The following story by AgWeb Social Media and Innovation Editor, Ben Potter, is specific to farmers' experience with data they're collecting. There are some insights and interesting nuggets of information here that could be helpful to retailers, too. --AgPro Editors
Modern farmers have the opportunity to swim in a sea of data they have collected on their tractors, combines and drones—and ride the waves to higher yields. But no more than a few have gotten their feet wet.
Information overload is to blame, says Robert Morris, CEO of TerrAvion, an ag-data collection service.
“The biggest challenge right now is integrating all of these tools on the farm,” he says. “There’s a real feeling of drowning in data. When your information is in three or four different places, it’s hard to assemble. That feeling is almost worse than not collecting the data in the first place.”
Collecting data is an important first step, says Steve Cubbage, president and owner of precision-ag consultancy Record Harvest.
The farmer who sits idle on gathered production data gains no advantages from it, he adds.
For example, farmers might spot in-field variability but not set up a variable rate fertility prescription. “Those are lost opportunities,” he says.
But back to that real concern of drowning in data. Is there a relatively easy area where a farmer can get started and become familiar and confident with the technology?
Morris suggests taking a step back and asking “What’s the biggest problem I want to solve?” That will help sharpen a farmer’s focus, he says.
It’s worth noting the agtech tools are getting much easier to use, says John Jansen, vice president, North America commercial lead with The Climate Corporation. A decade ago, data analysis required a thumb drive, a desktop computer and likely some special GIS software training. Today? Most of the process happens on the go, on a smartphone or tablet computer.
“Farmers want this stuff on an iPhone or iPad,” he says. “They want to consume information on the go.”
The more data a farmer can collect, the richer it becomes, Jansen notes. And though the popular sentiment is it takes three or four years of data before a farmer can make truly smart variable rate seeding or fertility decisions on a given field, instant insights are still possible for those just getting started, he says. The key is getting that data from 1s and 0s to useful images. Seeing really is believing, he says.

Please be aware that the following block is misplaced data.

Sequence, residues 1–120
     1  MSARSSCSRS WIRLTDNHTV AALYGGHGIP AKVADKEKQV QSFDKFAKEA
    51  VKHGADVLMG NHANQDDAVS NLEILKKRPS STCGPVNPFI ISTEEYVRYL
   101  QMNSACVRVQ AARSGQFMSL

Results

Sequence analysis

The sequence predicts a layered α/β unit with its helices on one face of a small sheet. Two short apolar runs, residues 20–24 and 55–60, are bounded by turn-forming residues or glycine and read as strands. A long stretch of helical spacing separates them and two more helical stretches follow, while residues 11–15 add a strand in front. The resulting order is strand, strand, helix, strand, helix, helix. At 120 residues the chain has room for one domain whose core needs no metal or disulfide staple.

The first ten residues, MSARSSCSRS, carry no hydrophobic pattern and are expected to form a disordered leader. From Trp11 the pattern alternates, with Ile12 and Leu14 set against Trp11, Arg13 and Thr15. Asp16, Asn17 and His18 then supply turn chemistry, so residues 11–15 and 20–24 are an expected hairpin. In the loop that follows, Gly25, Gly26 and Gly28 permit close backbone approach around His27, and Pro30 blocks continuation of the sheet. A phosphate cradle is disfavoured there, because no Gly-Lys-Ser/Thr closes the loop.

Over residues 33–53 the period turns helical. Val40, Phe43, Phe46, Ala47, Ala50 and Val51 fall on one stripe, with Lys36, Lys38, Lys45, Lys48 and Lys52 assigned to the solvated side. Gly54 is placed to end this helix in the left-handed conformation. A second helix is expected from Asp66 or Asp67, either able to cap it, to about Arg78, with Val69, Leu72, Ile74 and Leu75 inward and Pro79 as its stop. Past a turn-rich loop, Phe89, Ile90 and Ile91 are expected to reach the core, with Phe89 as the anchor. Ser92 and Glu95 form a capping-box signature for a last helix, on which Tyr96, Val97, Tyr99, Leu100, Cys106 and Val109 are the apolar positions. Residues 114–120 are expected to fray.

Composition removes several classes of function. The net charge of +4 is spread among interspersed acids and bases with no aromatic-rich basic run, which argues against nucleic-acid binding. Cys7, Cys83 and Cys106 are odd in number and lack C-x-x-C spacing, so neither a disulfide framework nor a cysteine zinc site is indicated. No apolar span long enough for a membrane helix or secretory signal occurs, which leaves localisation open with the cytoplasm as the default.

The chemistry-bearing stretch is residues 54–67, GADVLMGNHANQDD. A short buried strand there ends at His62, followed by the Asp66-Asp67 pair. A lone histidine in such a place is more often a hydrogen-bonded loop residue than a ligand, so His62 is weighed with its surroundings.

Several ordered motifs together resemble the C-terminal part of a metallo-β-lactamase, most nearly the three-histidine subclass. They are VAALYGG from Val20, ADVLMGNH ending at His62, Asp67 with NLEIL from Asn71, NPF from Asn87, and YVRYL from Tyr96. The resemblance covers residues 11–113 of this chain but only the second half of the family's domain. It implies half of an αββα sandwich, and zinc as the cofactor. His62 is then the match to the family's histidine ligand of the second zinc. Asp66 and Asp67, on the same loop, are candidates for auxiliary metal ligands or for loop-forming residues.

“Visualizing your data and getting it into a form where you can start working with it is the best first step,” Jansen says. “It’s helpful even with just one year of data.”
Some agtech companies are assisting with the heavy lifting. The Climate Corporation, FarmLogs and others amplify farmer data by adding in layers of public information, such as weather and soil data, rainfall and growing degree days.
Some technology even makes farming decisions outright. For example, IntelliFarms has a system that takes live measurements from grain bins and automatically runs fans or heaters when certain conditions are met.
“This takes the user decision out of the equation,” says Todd Sears, IntelliFarms president. “The technology is there to put the data to work for the farmer, rather than just compiling it and waiting for the farmer to analyze.”
Often, farm data collection and analysis services offer free and premium versions of their products, adds Shep Whitcomb, product marketing manager with FarmLogs.
“Take advantage of trying the free version,” he advises. “There’s a tremendous amount delivered in it, and it will help build your confidence.”
Treat data collection analysis as a continual investment, Cubbage adds. Don’t throw out data even if it’s from a bad year. “You can’t be hot and cold with data collection,” he says. “You have to be in it for the long haul.”